We recently took a long Memorial Day weekend trip to San Diego. (Is it still a weekend trip if it’s 6 days? Probably not.) As per usual for our vacations, dining was quite a large feature of the trip. Pictures of the dining however, were not. So I’ll mention some of the highlights of our dining, interspersed with completely un-food-related photos of the San Diego area.

Flowered House in La Jolla

Non-Food Related Flowered House on Coronado Island

Over the years it became apparent that we had a bit of a problem with our pre-vacation research on breakfast restaurants. We would barely get up in time to make it before the changeover to lunch, be too tired and hungry to find a place in time, and end up having to eat lunch instead. So on this trip, I really outdid myself, and found at least 10 restaurants serving breakfast to put on the spreadsheet I made before we left. (Yes, I’m an engineer. Yes, I’m one of those geeks who researches and takes documentation on vacation). Needless to say, we had some of the best breakfasts we’ve ever had on vacation, since we actually planned ahead!

The Beach in La Jolla

The Beach in La Jolla

Our first breakfast was at Cafe 222, downtown. I have a thing for pumpkin waffles, so it went without saying that we would get the Pumpkin Waffle for one dish. Spiced like pumpkin pie, it was quite tasty, but not quite as crisp as it could have been. The other item we got was the Eggs Italia Scramble, with tomatoes, goat cheese and pesto, also quite yummy. The space was small, but bright, and our waiter was wonderful. A nice start to the vacation!

Near the Beach in La Jolla

Near the Beach in La Jolla

Our second breakfast was cafe chloe, in the East Village. This was a really cute place, but the service was rather slow. It wasn’t clear if this was because we were stuck up in the tiny two-table ‘Loft’, or just because the kitchen wasn’t able to keep up. Our first item, the whole wheat pancakes with tart cherry syrup & applewood smoked bacon was excellent. The tart cherry went perfectly with the more robust taste of the whole wheat pancakes. The eggs & piperade – peppers, onions & prosciutto was a bit less spectacular, seemingly missing some essential ingredient to make it more special. To be fair, this was Memorial Day weekend, so they may have been busier than normal.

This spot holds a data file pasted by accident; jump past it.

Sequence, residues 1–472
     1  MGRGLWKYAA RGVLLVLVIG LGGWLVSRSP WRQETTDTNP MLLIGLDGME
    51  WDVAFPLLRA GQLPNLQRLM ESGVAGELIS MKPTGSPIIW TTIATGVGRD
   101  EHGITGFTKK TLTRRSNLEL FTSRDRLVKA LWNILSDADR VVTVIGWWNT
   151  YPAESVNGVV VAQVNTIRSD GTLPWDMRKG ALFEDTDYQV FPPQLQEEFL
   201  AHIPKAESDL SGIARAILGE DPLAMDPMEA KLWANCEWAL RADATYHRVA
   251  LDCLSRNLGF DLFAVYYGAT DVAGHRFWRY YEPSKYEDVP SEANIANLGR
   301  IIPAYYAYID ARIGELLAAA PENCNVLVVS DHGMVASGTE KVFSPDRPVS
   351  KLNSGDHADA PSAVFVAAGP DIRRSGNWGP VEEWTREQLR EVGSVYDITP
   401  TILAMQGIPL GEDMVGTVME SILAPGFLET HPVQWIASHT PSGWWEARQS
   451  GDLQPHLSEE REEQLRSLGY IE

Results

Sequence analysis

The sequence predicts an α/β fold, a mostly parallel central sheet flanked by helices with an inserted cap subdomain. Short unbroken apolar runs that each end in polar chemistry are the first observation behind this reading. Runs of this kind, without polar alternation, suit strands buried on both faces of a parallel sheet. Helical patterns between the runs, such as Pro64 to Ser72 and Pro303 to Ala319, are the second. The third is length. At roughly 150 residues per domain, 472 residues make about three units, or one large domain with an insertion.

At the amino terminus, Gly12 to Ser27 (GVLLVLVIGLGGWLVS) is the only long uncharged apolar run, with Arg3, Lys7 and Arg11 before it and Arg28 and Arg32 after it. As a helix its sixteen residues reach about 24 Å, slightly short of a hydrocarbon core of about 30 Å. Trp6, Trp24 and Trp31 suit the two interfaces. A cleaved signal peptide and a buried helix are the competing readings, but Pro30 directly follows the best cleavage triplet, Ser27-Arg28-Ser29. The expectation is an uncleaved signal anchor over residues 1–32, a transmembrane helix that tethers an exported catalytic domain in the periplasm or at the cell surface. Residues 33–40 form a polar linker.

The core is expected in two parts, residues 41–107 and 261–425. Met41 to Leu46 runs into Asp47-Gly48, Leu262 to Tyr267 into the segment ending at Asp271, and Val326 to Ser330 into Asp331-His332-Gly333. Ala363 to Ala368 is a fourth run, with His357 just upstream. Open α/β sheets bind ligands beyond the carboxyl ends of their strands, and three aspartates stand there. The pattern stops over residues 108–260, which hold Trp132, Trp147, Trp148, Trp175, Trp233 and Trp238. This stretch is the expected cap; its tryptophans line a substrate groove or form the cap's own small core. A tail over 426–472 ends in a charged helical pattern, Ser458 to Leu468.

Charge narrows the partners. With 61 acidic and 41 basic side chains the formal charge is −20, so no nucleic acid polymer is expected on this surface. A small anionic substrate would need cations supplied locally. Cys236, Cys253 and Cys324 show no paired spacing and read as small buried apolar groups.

Flowers on Coronado

Flowers on Coronado

We did a few quick coffee and granola, yogurt, fruit, or pastry breakfast stops, which while yummy, weren’t really blog-worthy. Our last proper breakfast meal was at The Mission in East Village. We at lunch at The Mission in Pacific Beach earlier in the week, and both locations had a great, funky urban vibe, with local art on the walls. The breakfast plates were huge! We got a gigantic stack (not labelled as such, or we would have opted for a slightly lesser stack) of Strawberry Granola Pancakes. They were perfectly cooked, and wonderful when lovingly drowned in syrup. (Clearly I have a pancake/waffle thing. I never have them at home, so I tend to overindulge in them when we go on vacation). We also got the Soy Chorizo & Eggs, which was another large plate of deliciousness. The soy chorizo was nice and spicy, scrambled with eggs, and included black beans, cheese, flour tortillas and chipotle crema.

Botanical Garden in Balboa Park

Botanical Garden in Balboa Park

Lunch at the Mission Beach location was just as wonderful. We ordered the Tamales Verde, which was fresh and filling, with slightly citrusy tasting tamales, black beans, rice, and roasted salsa verde. We also had the Grilled Chicken Soft Tacos, also very fresh and featuring ginger sesame chicken, black beans, cheese, rice, avocado and sour cream. We loved both meals at the Mission, and I highly recommend it.

Botanical Garden in Balboa Park

Botanical Garden in Balboa Park